Apparently, they decided the answer to this question was red and yellow pajamas, or psychedelic jump suits.

To get the infrared effect the actors were shot wearing red suits and yellow stockings so that in post-production the video engineers could render the faces and bodies in different colors. This effect was also shot on High 8 video tape and blown up to 35mm film adding an additional grainy effect.



Clay Maquette of The Shrieker

Tremors 2: Aftershocks Director S.S. Wilson (right) and Andy Schoneberg (left) who is Head of Shrieker part of Amalgamated Dynamics Inc., with clay maquette (model) of the Shrieker.



Full-Scale Graboid Body

Entire production team swallowed by Graboid, FILM AT 11:00!

This is a split open, full-scale Graboid body under construction at Amalgamated Dynamics Inc.


Shrieker Eating A Volvo

Shriekers have a nasty habit of eating your car engine, so you can't go anywhere fast.

Full scale motion Shrieker eating a Volvo.



The Shrieker Controls

This is what it takes to operate the fully articulated Shrieker.

It takes 16 people to operate the fully articulated Shrieker. Each of the levers control a different aspect of the creatures movement. On the films tight budget it was impossible to pay 16 puppeteers to stand around all day and do only 60 minutes of actual work (which is usually the case on large budget films). When filming the Shrieker, cast and crew members were pulled away from whatever else they were doing to operate a lever. Here Tremors Producer Nancy Roberts (left) takes he r turn at the controls. Ron Underwood, (not pictured) director of City Slickers also took his turn right along with everyone else. There were several times when there simply were not enough free people to work all the controls.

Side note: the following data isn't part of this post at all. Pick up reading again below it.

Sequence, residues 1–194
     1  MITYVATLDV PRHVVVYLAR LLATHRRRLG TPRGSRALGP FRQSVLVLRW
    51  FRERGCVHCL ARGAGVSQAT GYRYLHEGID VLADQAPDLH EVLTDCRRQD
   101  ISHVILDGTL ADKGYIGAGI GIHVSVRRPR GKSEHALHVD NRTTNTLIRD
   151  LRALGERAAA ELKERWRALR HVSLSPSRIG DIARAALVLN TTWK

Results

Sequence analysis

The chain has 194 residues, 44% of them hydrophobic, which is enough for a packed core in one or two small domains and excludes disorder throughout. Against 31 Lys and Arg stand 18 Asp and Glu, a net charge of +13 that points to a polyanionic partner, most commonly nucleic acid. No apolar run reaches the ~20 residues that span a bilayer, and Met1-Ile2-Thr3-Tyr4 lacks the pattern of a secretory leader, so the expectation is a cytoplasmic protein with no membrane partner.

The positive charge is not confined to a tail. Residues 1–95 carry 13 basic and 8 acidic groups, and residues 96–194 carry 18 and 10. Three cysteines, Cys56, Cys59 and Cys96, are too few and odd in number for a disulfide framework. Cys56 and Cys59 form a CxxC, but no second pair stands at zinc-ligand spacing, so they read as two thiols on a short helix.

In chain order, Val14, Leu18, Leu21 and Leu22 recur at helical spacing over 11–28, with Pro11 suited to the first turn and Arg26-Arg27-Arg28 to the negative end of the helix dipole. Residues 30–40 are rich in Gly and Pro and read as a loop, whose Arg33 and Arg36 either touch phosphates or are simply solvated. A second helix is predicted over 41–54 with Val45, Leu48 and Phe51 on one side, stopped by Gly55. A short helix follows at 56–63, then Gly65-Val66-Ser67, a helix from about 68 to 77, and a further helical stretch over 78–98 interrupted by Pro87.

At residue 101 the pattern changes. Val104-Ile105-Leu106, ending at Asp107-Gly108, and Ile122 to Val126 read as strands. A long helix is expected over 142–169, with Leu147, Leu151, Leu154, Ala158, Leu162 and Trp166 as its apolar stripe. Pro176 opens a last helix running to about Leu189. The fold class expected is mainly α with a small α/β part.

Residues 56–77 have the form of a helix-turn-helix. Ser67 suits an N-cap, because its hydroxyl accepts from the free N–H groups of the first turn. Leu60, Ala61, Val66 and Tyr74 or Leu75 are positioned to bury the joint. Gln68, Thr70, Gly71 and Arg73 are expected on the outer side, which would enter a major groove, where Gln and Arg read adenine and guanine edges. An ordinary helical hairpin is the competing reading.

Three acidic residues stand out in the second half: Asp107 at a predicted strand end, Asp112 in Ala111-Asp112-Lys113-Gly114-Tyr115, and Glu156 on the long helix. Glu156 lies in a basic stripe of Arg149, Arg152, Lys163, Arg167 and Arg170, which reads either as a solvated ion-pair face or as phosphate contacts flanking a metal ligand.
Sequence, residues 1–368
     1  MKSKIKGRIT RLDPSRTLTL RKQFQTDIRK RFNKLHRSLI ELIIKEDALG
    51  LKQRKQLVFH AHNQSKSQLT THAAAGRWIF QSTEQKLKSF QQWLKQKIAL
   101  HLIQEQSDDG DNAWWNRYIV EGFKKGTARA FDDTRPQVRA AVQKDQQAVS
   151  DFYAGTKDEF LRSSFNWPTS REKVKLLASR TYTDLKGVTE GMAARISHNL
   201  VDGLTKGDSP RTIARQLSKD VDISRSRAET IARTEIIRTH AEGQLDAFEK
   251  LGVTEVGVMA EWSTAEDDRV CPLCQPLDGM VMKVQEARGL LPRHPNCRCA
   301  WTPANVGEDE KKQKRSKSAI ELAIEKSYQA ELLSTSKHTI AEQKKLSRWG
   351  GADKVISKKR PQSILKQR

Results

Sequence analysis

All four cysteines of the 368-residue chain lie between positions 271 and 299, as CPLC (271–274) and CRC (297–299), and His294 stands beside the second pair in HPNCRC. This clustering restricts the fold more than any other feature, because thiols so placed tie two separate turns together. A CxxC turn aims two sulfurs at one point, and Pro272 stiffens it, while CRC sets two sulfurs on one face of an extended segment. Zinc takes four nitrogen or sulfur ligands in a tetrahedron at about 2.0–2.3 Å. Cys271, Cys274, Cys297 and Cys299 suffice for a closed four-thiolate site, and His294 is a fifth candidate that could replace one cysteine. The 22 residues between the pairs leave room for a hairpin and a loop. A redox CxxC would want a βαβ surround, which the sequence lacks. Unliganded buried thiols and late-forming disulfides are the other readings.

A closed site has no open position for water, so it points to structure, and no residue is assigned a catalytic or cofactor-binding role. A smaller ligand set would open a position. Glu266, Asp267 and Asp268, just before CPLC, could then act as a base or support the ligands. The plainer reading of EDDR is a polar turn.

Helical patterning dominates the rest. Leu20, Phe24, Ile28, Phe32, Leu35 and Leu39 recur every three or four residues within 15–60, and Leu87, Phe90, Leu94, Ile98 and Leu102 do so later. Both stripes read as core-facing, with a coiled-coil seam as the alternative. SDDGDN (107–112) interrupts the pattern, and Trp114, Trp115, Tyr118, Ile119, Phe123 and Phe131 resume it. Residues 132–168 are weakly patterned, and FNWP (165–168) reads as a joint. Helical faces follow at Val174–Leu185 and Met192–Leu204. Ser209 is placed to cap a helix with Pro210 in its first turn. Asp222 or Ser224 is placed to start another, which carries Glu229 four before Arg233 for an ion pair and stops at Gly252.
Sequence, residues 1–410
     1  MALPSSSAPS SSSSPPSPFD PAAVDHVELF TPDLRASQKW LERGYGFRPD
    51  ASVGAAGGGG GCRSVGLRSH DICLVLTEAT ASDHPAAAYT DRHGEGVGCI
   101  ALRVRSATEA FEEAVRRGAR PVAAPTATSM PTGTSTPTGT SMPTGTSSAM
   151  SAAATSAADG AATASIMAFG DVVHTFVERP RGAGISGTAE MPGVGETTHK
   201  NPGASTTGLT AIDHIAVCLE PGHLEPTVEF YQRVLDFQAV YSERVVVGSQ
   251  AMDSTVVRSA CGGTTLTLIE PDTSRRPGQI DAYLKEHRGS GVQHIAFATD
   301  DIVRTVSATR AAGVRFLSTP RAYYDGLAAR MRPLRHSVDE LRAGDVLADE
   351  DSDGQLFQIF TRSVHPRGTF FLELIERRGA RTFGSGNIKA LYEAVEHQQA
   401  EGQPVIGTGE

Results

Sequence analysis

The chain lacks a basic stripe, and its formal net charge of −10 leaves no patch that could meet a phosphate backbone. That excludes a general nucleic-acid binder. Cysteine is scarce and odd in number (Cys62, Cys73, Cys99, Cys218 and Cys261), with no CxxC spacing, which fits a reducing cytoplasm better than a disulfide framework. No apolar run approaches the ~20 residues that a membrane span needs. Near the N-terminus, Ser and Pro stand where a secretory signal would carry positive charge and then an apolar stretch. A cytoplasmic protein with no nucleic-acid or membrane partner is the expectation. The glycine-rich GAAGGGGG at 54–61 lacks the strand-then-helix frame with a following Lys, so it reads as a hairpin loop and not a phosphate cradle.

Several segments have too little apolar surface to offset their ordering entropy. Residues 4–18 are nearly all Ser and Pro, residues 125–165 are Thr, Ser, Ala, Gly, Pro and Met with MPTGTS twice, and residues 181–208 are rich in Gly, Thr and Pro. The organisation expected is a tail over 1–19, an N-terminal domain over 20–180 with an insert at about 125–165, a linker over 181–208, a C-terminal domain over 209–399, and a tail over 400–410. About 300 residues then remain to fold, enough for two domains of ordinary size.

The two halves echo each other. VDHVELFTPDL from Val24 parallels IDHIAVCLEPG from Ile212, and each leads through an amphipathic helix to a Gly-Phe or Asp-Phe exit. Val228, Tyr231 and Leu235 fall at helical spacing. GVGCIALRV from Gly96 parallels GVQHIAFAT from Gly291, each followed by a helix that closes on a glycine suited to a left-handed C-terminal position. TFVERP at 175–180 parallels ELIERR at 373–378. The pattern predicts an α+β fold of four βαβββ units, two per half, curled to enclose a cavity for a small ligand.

Early Artist Concept Drawings Of The Shrieker

Early versions of the Shriekers. This shows some of the steps to arrive at the final design.




Tremors 2: Aftershocks Story Boards



TREMORS – THE LOST MONSTERS!

While producing Tremors II, Stampede and Universal also developed Tremors as a TV series. We didn’t proceed on the project but we thought you might enjoy seeing some of the stuff we came up with.

The series premise was that, after their success in fighting the Graboids, Val and Earl would be sought out by the readers of tabloid newspapers, believers in UFO’s, etc. to battle other little-known creatures.

The Killer Shrimp

The Thing in the Trees

This is based on an actual prehistoric shrimp-like thing. It was quite large and, as you can see, pretty fearsome looking. Val and Earl are called to battle it when it suddenly begins attacking boaters in a recently flooded dry-lake bed. We were borrowing on the desert brine shrimp, which lay dormant for years until brought to "life" by the infrequent rain. People are mysteriously disappearing into thin air out in the woods. Their tracks just stop, with no sign of a struggle. Val and Earl eventually discover an arboreal octopus, lurking above to prey on the unsuspecting.


Animated .gif of a shrieker

Tremors 2